Claude Monet (French, 1840-1926), “Water Lilies,” ca. 1914-1917. Oil on canvas.
The exhibition features fifty paintings by Claude Monet dating mainly from 1913 to 1926, the final phase of his long career, including twenty works from the Musée Marmottan Monet in Paris. During his late years, the well-traveled Monet stayed close to home, inspired by the variety of elements making up his own garden at Giverny, a village located some 45 miles northwest of Paris. With its evolving scenery of flower beds, footpaths, willows, wisteria, and nymphaea, the garden became a personal laboratory for the artist’s sustained study of natural phenomena. The exhibition focuses on the series that Monet invented, and just as important, reinvented, in this setting. It reconsiders the conventional notion that many of the late works painted on a large scale were preparatory for the Grand Decorations, rather than finished paintings in their own right. Boldly balancing representation and abstraction, Monet’s radical late works redefined the master of Impressionism as a forebear of modernism.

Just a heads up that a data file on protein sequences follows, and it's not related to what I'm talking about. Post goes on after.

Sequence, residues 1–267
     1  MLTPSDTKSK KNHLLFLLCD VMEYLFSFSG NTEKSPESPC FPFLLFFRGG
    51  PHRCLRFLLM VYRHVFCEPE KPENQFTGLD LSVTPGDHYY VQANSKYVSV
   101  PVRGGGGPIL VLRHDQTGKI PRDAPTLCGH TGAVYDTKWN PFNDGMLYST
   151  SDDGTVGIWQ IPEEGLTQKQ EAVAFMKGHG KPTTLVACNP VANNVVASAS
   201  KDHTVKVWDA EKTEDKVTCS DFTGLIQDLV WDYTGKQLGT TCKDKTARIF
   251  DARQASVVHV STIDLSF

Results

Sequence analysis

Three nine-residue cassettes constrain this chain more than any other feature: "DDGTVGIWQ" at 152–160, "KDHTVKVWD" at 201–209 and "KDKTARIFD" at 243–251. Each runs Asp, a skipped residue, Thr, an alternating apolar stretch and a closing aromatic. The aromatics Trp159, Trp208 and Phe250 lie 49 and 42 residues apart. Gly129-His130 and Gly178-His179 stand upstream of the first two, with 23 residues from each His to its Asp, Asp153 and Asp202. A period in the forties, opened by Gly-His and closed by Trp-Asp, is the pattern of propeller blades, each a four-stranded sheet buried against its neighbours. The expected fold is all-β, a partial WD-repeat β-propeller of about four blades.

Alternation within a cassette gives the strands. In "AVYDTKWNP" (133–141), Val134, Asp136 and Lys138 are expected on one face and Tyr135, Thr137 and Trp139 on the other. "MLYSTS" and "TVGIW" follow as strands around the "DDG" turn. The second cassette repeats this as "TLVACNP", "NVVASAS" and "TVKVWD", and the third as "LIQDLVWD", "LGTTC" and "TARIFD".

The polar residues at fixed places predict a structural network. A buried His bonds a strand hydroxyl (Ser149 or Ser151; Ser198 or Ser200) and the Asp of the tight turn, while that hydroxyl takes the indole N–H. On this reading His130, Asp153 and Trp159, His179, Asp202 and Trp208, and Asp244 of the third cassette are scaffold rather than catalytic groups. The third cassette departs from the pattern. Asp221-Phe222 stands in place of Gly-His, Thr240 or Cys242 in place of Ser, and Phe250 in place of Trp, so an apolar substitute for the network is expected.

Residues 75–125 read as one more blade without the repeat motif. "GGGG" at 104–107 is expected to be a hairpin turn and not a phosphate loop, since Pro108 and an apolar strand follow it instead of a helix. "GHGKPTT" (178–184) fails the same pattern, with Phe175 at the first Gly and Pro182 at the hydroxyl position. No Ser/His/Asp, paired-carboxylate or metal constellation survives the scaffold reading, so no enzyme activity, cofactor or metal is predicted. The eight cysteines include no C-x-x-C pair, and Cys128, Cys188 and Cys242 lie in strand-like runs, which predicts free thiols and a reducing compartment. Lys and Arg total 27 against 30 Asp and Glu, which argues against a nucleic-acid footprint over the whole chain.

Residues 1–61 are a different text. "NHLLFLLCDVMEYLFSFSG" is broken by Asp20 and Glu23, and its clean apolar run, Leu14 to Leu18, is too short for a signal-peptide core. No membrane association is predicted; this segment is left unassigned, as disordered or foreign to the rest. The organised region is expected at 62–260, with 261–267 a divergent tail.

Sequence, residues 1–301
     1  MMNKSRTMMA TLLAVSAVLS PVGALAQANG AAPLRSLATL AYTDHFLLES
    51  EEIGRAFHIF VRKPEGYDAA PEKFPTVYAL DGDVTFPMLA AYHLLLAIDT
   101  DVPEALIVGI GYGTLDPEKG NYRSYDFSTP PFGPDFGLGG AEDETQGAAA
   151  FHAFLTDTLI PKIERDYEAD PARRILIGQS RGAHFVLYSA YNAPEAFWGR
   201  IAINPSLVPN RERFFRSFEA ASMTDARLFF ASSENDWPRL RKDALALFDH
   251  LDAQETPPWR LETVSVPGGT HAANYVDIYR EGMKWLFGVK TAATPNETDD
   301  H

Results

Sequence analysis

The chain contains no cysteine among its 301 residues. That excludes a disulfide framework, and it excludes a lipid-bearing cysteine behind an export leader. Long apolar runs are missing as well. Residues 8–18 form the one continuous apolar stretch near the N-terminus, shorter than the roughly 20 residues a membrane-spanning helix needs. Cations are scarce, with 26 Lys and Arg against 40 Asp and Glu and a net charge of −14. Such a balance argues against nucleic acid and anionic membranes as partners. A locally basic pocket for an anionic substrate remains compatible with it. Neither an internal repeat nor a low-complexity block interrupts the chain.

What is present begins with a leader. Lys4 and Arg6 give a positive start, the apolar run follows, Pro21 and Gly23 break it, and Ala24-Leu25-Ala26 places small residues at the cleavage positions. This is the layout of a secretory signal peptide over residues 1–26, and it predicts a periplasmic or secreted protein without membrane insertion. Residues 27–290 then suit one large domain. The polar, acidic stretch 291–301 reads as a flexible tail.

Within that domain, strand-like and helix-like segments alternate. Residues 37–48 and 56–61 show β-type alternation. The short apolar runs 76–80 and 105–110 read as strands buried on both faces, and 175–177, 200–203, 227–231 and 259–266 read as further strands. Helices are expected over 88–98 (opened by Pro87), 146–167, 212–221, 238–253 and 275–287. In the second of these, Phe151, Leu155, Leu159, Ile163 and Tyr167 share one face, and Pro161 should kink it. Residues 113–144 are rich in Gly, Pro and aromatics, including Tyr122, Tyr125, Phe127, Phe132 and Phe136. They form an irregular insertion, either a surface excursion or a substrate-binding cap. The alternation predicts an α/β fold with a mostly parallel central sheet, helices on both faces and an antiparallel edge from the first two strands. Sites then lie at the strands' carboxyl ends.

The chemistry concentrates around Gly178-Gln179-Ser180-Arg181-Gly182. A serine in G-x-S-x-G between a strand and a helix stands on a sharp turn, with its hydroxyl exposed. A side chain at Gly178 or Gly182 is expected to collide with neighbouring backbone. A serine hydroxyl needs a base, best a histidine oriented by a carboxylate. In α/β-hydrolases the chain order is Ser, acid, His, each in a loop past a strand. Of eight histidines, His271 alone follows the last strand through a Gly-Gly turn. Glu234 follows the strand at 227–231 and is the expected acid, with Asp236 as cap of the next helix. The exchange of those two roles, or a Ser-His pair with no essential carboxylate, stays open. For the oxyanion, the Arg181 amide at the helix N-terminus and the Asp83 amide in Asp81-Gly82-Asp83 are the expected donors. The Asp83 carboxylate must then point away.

(Image courtesy of the Fine Arts Museums of San Francisco)